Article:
All your ancestors are belong to us …

Over the past few days, both the Vancouver Sun and the Ottawa Citizen have published (basically the same) story about “Toronto-based Ancestry.ca.”  From the articles, this appears to be related to such public institutions as the national archive and Library and Archives Canada.  And the price is right: “A two-week free trial period that began June 10 allows users to search for and download documents at no charge.”

I tried it out.  Giving minimal information about him brought up over 6,000 hits, the second of which was my grandparent’s marriage certificate.  Pretty good.

Unfortunately, that is not the whole story.  If you want to actually see anything that the search finds, you have to register.  And, if you pay attention, and actually read the “Terms and Conditions” (and look at the full screen, not the portion that shows when the box first pops up), you find that you are registering with “an Internet service (the “Service”) owned and operated by The Generations Network, Inc, an American company incorporated in Delaware, USA, and whose registered address is 360 W 4800 N Provo, UT 84604, USA.”  In order to register you have to provide a credit card.  After 14 days (and it isn’t clear whether that is 14 days after June 10, or 14 days after you register) “[i]f you wish to terminate your subscription you must notify us at least two (2) days before the Renewal Date by calling (800) 958-9073 Member service is available from Monday to Friday 7:00 am to 4:00 pm MST, or by sending an email to cancel@ancestry.ca providing the following information: Given name and surname, Username, Subscription type (UK/Ireland collection, etc.), Email address used when subscribing, Phone number including country code, Country.  If you fail to respond to the notice, your subscription will be automatically renewed,” and, of course, your credit card will be charged.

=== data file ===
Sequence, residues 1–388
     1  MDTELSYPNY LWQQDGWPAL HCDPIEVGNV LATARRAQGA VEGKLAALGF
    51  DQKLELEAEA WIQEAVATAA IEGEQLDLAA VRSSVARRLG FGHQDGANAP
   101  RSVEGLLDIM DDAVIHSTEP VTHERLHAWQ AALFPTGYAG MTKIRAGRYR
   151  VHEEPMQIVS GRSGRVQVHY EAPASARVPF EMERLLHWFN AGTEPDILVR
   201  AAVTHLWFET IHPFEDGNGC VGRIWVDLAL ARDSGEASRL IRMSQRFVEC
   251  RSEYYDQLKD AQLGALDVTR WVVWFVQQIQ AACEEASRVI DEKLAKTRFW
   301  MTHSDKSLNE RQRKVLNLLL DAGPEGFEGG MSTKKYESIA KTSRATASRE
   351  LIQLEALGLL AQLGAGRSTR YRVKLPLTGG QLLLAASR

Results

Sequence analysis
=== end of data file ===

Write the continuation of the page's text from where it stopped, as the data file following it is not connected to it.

So, read carefully, people.  Are you dealing with a public institution, or a private company?  Are you dealing with a company in your country, or another?  And, is your “free trial” an “opt-out” contract for the company to start billing your credit card?

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  • Miriam Britt

    Isn’t that interesting; in order to opt out, you are required to give them information they can sell. If it isn’t illegal it ought to be. Thank you for exposing this.